Looking at RFC 5681 - TCP Congestion Control
And the definition of the initial window size:
INITIAL WINDOW (IW): The initial window is the size of the sender's
congestion window after the three-way handshake is completed.
So, no, the handshake is not taken into account when calculating congestion window size. The initial value of the congestion window is set after the three-way handshake occurs.
The initial window value is bound by the following rules:
IW, the initial value of cwnd, MUST be set using the following
guidelines as an upper bound.
- If SMSS > 2190 bytes:
- IW = 2 * SMSS bytes and MUST NOT be more than 2 segments
- If (SMSS > 1095 bytes) and (SMSS <= 2190 bytes):
- IW = 3 * SMSS bytes and MUST NOT be more than 3 segments
- if SMSS <= 1095 bytes:
- IW = 4 * SMSS bytes and MUST NOT be more than 4 segments
Looking at the TCP RFC (793), it is OK for data to be sent during the handshake, but it cannot be delivered to the application until the handshake has completed:
Several examples of connection initiation follow. Although these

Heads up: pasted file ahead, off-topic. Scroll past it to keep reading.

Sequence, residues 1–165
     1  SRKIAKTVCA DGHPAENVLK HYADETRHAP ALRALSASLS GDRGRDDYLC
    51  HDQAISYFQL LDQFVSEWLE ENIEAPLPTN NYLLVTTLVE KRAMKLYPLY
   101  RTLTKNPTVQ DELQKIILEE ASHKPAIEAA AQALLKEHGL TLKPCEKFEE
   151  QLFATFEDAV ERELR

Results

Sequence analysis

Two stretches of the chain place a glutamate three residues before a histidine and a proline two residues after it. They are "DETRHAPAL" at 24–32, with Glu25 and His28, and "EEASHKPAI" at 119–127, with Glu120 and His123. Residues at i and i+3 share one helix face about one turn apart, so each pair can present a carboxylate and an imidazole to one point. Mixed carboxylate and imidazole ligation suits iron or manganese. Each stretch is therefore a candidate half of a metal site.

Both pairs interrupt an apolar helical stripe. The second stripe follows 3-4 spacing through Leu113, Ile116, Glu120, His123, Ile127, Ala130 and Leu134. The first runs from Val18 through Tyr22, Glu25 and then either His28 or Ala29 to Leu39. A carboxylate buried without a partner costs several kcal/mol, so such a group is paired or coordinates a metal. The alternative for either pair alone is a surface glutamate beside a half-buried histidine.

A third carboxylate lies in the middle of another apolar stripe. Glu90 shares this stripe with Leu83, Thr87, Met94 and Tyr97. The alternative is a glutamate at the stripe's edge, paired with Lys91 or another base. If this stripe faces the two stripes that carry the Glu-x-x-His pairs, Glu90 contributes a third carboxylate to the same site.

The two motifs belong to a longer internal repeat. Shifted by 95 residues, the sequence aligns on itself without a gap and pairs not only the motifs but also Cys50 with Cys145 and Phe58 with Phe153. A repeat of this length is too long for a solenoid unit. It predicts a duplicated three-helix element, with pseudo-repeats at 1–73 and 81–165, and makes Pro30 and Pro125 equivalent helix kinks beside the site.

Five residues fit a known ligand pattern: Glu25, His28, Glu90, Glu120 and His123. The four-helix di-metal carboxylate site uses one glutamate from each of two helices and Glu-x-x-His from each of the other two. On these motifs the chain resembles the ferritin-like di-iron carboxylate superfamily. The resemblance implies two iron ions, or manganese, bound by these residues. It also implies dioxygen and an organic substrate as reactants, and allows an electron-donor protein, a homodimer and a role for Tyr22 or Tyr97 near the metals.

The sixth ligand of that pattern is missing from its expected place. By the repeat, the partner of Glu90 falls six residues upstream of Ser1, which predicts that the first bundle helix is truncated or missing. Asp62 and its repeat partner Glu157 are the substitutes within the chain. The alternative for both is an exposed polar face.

examples do not show connection synchronization using data-carrying
segments, this is perfectly legitimate, so long as the receiving TCP
doesn't deliver the data to the user until it is clear the data is
valid (i.e., the data must be buffered at the receiver until the
connection reaches the ESTABLISHED state). The three-way handshake
reduces the possibility of false connections.
So it is possible to send data during the handshake and according to the TCP Congestion Control RFC, the Initial Window has not been set at this stage, so looks like congestion control does not come into play for any data sent during the handshake.
Actual implementations on the other hand may not be true to the RFCs and it is possible that they implement differently.
To answer your final question the final ACK could be sent alone, or with user data, depending on the implementation and whether data was ready to be sent. It would be classed as a single segment though, data or no data.